The Men Who Stare at Goats’ baaaaaad entertainment

By Anthony Clegg

While rendering moments of comedy, drama, and genuine interest,
“The Men Who Stare at Goats” leaves the audience with a longing and
sadness for what could have been.

The story follows Bob Wilton, played by Ewan McGregor, a
journalist who discovers and assists in a military sect that
specializes in psychic warfare.

While attempting to recover from a strange and oddly moving
divorce, Wilton enlists as a military field reporter at the
beginning of the Iraq War. A stroke of luck, or perhaps a turn of
fate, finds Wilton dining next to Lyn Cassady, played by George
Clooney, an exemplary leader in the art of psychic warfare, or as
he prefers to call it, a “Jedi warrior.”

In a scene where McGregor’s character inquires as to what a Jedi
warrior is, which is immensely ironic for any fan of the “Star
Wars” prequels, Cassady explains that they are warriors of the
mind, or those who have developed superpowers thanks to the hippie
teachings of military expert Bill Django, played Jeff Bridges.

With a little persuasion, Cassady leads Wilton on a top-secret
mission into Iraq that, along the way, is fraught with a bit of
adventure, a smidge of mystery, and a great deal of the

The movie begins well with a fresh and interesting story,
fantastic actors, many of whom have won several Academy Awards, and
the promise of great enjoyment, the overall film concept becomes
too obscure to manage and collapses in on itself.

Perhaps this may be blamed on the directorial inexperience of
Grant Heslov, a fairly well known character actor whom many people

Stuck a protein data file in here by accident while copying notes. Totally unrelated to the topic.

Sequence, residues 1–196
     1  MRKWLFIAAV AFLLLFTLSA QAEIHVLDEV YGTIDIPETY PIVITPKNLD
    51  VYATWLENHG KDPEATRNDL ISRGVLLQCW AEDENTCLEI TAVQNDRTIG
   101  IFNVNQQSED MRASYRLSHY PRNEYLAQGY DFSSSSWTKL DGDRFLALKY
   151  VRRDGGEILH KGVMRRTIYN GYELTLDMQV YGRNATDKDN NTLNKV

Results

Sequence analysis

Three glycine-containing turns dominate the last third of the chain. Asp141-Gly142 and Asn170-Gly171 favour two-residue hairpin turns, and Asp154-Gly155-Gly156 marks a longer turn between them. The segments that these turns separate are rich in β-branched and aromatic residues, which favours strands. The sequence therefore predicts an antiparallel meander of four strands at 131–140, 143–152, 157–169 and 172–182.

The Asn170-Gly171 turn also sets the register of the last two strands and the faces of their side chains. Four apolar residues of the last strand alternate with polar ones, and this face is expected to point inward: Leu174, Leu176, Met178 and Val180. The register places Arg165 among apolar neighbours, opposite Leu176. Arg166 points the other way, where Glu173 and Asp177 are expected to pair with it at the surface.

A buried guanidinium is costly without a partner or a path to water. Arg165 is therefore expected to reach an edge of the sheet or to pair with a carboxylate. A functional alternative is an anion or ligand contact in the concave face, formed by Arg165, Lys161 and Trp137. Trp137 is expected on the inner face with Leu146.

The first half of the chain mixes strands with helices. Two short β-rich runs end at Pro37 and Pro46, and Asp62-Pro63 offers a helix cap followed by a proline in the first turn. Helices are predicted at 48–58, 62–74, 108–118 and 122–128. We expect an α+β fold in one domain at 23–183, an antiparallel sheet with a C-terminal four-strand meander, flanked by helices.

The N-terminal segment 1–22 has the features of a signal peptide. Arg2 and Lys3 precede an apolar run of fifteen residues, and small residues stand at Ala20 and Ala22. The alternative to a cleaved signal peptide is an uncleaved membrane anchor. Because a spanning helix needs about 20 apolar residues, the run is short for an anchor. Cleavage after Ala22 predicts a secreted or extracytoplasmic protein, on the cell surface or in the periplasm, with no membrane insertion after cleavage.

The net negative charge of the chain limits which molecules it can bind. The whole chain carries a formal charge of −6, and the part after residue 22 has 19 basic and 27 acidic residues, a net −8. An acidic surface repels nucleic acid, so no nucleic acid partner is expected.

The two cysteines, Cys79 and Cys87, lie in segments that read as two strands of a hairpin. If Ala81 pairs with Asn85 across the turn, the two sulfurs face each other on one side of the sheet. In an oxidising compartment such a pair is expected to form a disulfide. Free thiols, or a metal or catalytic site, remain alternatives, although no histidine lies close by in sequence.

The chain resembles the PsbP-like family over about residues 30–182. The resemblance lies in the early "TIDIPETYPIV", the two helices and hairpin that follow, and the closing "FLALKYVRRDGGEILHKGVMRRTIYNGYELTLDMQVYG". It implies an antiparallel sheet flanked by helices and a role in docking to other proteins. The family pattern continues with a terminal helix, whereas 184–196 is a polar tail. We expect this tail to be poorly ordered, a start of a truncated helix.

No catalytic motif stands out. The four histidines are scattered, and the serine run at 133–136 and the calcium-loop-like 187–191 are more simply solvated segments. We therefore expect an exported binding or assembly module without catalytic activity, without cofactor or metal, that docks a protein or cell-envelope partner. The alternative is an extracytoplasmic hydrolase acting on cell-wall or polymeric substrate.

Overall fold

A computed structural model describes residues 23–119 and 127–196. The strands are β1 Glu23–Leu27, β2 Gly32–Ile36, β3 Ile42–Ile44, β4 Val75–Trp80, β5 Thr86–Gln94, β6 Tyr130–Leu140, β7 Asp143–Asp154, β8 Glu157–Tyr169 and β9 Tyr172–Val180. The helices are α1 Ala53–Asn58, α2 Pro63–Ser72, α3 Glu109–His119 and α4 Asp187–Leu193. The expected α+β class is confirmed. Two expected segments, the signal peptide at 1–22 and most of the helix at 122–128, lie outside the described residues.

would vaguely recognize by sight and probably not by name. His
filmmaking style is not as concise or clear as perhaps audiences
have come to expect.

What makes this film particularly difficult to categorize as
“bad” or “good,” is the fact that there is so much about “The Men
Who Stare at Goats” to enjoy, in particular, the actors.

McGregor proves here that perhaps he deserves more than the
stigma of being the young Obi-Wan Kenobi. In one particular scene,
McGregor displays his ability to not only cry on command, but his
ability to be sincerely believed in this act.

Clooney again proves that he is not just a Hollywood pretty-boy.
Through the course of the film, he becomes dark, dirty, mangled,
absurd, and yes, to some extent deranged.

Sadly, none of these adjectives can truly erase just how cool
Clooney comes across on screen.

Additionally, Bridges delivers a solid and exceptionally
entertaining performance as an older military-endorsed hippie who
over many years has acquired a tolerance to a wide variety of
narcotics. Kevin Spacey demonstrates yet again how horribly
despicable he can make a character appear with his portrayal of
Larry Hooper, a former student of Django’s Jedi warrior teachings,
who has turned to the dark side.

Even with these powerhouse actors, “The Men Who Stare at Goats”
does not succeed to either overly impress, or massively fail.

Throughout the film, there are several sections that seem
sluggish, or even dull. Many could argue that these sections hold
the lion’s share of the film’s touted dark comedy, but perhaps the
dark comedy is just mistaken for awkward laughter, or something to
fill the emptiness these scenes create.

What’s more, the style of storytelling and the pacing do nothing
to greatly capture the fullest attention of the audience. One of
the telling signs of a movie that suffers from this ailment is when
a movie “feels long,” but in reality lasts a mere 90 minutes.

This is a film that shall go down in history as neither a
paragon of filmmaking, nor on par with the immortally abysmal
“Batman & Robin.” It is a fairly entertaining piece with some
redeeming aspects, but in the end, it is forgettable due to the
lack of cohesive storytelling.

Reach Anthony Clegg at:

The Men Who Stare at Goats

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The Men Who Stare at Goats’ baaaaaad entertainment

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